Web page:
II. Contributing Factor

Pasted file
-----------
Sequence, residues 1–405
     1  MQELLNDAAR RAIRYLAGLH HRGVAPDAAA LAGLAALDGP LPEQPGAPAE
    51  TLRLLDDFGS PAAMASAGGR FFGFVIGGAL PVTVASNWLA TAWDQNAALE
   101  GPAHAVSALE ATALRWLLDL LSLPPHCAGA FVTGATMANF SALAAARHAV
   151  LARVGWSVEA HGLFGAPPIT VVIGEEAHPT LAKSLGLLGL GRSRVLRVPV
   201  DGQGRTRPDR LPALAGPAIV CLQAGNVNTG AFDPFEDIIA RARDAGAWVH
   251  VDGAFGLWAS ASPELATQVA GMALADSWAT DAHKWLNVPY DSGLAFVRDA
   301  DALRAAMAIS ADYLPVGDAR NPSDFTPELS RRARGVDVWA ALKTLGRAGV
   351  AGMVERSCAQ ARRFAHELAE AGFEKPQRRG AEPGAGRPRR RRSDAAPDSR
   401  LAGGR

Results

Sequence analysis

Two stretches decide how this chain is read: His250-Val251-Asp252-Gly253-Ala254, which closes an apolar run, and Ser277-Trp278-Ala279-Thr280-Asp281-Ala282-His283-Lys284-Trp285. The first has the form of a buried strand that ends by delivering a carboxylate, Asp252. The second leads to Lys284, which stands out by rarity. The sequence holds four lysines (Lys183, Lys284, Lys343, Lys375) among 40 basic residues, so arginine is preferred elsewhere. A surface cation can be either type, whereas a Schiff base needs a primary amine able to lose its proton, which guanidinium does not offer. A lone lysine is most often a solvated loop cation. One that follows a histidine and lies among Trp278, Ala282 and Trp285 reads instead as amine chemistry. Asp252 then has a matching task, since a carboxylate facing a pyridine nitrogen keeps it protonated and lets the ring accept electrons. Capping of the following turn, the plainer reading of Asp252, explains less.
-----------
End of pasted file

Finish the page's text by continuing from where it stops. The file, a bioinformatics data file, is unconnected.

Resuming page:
Even though the administrative judge declined to ad- dress the issue, Kahn requests that this court find that the government has not shown by clear and convincing evidence that the DEA would have transferred him to the Atlanta Field Office independent of his communications with Mitchell and Ozaluk. On remand from the previous appeal, the DEA stipulated that Kahn's communications with his supervisors were a contributing factor to its decision to transfer Kahn. See Appellee's Br. 33 n.6; J.A. 27. Pursuant to 5 U.S.C. § 1221(e)(2), ?[i]f the employee or applicant makes out a prima facie whistleblower claim, the agency is given an opportunity to prove, by clear and convincing evidence, that it would have taken the same personnel action in the absence of the protected disclo- sure.? Fellhoelter v. Dep?t of Agriculture, 568 F.3d 965, 970?71 (Fed. Cir. 2009). Because we hold that Kahn?s communications were not protected under the WPA, we need not address whether the government could have shown by clear and convincing evidence that it would have transferred Kahn to the Atlanta Field Office in the absence of his communications.